Monday, October 8, 2012

Lessons from Chicago

People are starting to talk.

No longer are teachers staying silent.  No longer are parents writing off that these learning conditions for our students are short term.

What is clear from Chicago is that this pattern to destroy public education by removing the voice of teachers and parents is everywhere.  Chicago is not alone.  They are not unique.  They are not a special circumstance.  They are us.

In taking a look at Oregon, class sizes are ballooning, curriculum is narrowing, and testing is the top priority in determining student success.  Both teachers and parents are starting to notice and finally realizing that this is not sustainable; our public education system can simply cannot go on like this.  It is not good for our kids.  It is not the quality education our government is supposed to provide. 

People are talking, and once people start talking, they start acting.  It is only a matter of time.

After listening to the grand plan of the OEIB, Gov. Kitzhaber and Dr. Rudy Crew in reforming our public education system, it is clear that the voice of the people, and especially the voice of those who work with Oregon's school children everyday---parents and educators--are being ignored.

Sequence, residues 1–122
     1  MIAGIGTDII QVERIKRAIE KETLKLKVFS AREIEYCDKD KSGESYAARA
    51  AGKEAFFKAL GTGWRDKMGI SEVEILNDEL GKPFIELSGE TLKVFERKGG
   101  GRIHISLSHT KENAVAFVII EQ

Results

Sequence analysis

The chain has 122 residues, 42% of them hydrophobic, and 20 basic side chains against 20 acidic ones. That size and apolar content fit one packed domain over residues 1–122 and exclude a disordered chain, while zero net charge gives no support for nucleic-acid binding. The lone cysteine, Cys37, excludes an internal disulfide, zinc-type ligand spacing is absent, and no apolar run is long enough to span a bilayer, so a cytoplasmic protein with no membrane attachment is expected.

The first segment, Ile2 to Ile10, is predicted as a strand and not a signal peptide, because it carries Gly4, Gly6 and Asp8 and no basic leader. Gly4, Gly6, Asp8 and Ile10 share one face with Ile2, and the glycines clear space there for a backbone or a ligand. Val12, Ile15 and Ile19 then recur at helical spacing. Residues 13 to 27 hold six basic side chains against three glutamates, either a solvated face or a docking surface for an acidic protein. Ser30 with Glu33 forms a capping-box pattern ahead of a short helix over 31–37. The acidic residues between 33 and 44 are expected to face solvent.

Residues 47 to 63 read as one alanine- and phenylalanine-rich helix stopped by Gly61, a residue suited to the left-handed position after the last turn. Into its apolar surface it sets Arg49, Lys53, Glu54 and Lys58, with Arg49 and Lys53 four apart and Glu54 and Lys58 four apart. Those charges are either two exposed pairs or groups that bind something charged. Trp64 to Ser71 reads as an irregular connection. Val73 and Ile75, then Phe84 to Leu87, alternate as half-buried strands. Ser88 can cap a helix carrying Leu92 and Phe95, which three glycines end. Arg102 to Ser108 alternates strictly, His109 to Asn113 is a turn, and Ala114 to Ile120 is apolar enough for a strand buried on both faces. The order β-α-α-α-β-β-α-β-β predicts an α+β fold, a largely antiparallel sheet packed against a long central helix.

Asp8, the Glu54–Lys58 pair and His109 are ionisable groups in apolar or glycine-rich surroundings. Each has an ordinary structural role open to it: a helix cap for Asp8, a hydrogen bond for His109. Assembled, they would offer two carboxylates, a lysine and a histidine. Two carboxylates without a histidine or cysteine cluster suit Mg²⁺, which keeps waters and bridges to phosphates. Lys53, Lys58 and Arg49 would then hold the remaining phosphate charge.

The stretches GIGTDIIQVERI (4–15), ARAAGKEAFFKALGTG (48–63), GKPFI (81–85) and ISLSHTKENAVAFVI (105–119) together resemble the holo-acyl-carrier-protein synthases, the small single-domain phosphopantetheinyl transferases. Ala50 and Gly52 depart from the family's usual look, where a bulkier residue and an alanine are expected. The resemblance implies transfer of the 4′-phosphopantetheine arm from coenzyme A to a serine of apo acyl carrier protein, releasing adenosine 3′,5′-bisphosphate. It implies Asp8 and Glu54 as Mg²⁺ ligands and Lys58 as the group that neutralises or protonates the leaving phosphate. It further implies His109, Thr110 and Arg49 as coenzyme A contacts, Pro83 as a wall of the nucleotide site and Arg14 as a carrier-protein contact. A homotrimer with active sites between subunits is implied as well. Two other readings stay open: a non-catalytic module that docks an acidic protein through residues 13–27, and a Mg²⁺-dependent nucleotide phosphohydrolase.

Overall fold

From Chicago, we learned that parents and teachers together will make the change that our kids need. We have to stand up for them at a time when no one else will.  And the time is now.

What do we want?  Let's start with smaller class sizes, well-rounded programs and curriculum, sports, art, music, PE, fully-supported and staffed school libraries,  an end to high-stakes testing, and a return to valuing our children as human learners rather than test scores and data points.

Lately it seems that many of those making the education reform decisions really have no concept of what teachers do everyday--in the 21st century public school classroom.  It is a different world with lots of promise and potential.  What would they think of spending a day, or even two, in the classrooms of today?  You know, that is a good first step.

We at Oregon SOS encourage our leaders and decision makers to see what our schools look like on a daily basis.  Often such leaders make a few minutes or hours of it, but to make it a day, and then come back for day 2, would be a valuable experience---one that would not only garner respect for our teachers and the reality of their work today but also give insight as to what our students really need to be successful.  The next question would then be:  are these things, such as smaller class sizes, in our Achievement Compacts, and if not, why not?

One way to speak up is to attend any of the OEIB priorities and budget input meetings that are scheduled for the next two weeks.  The one for Portland will be October 18th at Marshall High School, 6-8 pm.  Check our "upcoming meetings" links for further information on these meetings.

From Chicago, change will come to Oregon because we as parents, teachers, and community members know what is best, and our voices will no longer be ignored.

It is only a matter of time, and our kids will thank us.